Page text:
Using Sex Hormone Therapy
Studies on the link between sex hormone imbalances and depression suggest that you can fight depression using sex hormone therapy.
Imbalances in sex hormones like estrogen, progesterone and testosterone are one of the known depression causes. The link between these sex hormones and depression has been discussed in a previous article.
Hence, in this article, we focus on what you can do to correct your imbalances in sex hormones, so as to deal effectively with your depression.
Important – Test your hormonal levels
Joan Mathews Larson, PH.D (nutrition), founder and executive director of the highly esteemed Health Recovery Centre in Minneapolis, Minnesota, advised that the first and most important step before starting on any hormone therapy is to check your level of free or unbound hormones, using a lab test. 
The lab test will show you the amount of sex hormone that you lack, and how much actually needs to be replenished through therapy.
In this way, as you fight depression using hormonal therapy, you will be able to stick as close as possible to the natural hormonal balance of a healthy body. Doing so will help you avoid the negative effects associated with the improper use of hormone therapies. .
Estrogen and Progesterone therapies
Estrogen hormone therapy
You might have heard of some of the common negative effects of using
estrogen hormone therapy – increased risk of breast, uterine and ovarian cancer (specially when estrogen is used together with a synthetic progestin), weight gain, uterine bleeding, fluid retention, and premenstrual symptoms like headaches and irritability .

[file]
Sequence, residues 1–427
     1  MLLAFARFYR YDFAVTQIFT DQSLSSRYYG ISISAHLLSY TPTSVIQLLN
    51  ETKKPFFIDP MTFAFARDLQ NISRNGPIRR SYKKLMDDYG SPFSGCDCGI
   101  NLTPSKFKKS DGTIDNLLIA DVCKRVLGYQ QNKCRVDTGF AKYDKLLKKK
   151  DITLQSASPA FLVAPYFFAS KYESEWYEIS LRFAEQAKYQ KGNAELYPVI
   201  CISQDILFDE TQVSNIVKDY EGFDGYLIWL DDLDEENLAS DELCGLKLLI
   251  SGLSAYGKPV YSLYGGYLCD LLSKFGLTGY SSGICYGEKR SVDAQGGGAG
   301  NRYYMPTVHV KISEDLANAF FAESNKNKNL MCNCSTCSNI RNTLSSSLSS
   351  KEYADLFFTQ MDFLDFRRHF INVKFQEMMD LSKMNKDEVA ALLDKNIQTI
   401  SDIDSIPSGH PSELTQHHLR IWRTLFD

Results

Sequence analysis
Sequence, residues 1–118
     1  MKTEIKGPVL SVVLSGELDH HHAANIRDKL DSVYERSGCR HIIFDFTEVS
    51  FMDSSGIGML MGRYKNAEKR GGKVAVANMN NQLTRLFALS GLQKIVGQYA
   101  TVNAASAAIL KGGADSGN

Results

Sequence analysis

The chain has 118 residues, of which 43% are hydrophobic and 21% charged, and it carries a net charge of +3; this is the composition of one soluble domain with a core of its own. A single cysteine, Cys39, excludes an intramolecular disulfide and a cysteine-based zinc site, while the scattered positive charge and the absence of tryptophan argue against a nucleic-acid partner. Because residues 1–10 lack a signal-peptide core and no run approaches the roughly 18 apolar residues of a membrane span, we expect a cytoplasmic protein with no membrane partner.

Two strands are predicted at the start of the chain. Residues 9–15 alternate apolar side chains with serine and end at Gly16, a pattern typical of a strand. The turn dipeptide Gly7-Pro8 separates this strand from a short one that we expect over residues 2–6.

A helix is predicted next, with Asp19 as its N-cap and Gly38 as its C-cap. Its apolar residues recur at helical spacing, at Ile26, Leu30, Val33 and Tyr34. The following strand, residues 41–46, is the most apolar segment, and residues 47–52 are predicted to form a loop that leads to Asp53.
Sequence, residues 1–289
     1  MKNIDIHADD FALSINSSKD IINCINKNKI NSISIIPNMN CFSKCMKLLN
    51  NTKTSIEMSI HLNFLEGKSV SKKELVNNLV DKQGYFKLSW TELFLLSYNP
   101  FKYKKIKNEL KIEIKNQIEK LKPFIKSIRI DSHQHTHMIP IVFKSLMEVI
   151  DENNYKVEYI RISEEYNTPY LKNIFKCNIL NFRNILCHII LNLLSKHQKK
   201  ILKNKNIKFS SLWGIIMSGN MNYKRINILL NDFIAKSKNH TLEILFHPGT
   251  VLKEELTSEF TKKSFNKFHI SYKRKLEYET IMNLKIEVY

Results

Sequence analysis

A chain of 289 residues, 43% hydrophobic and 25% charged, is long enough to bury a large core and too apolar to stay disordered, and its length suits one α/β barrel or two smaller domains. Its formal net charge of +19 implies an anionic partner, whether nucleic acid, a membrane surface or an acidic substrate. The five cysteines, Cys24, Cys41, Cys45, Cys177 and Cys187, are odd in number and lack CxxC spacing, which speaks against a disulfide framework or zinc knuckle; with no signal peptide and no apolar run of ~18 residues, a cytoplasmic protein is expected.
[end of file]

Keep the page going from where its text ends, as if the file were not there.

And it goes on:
As such, Dr Larson recommends the use of estriol to fight depression caused by deficiency in oestrogen. This is because estriol is a weak estrogen that confers the benefits of estrogen without the risk of cancer. 
A study by the Medical College of Georgia found that estriol was safe to use even at high doses, and was able to relieve menopausal symptoms and reverse vaginal atrophy at doses between 2 to 8 mg daily .
In fact, estriol is being tested by the University of Nebraska Medical Centre as a preventive measure against breast cancer. This is because lower estriol relative to estradiol and estrone (the 2 more harmful forms of estrogen that are converted to estriol in the liver) levels have been found in women with breast cancer, as compared to women without. 
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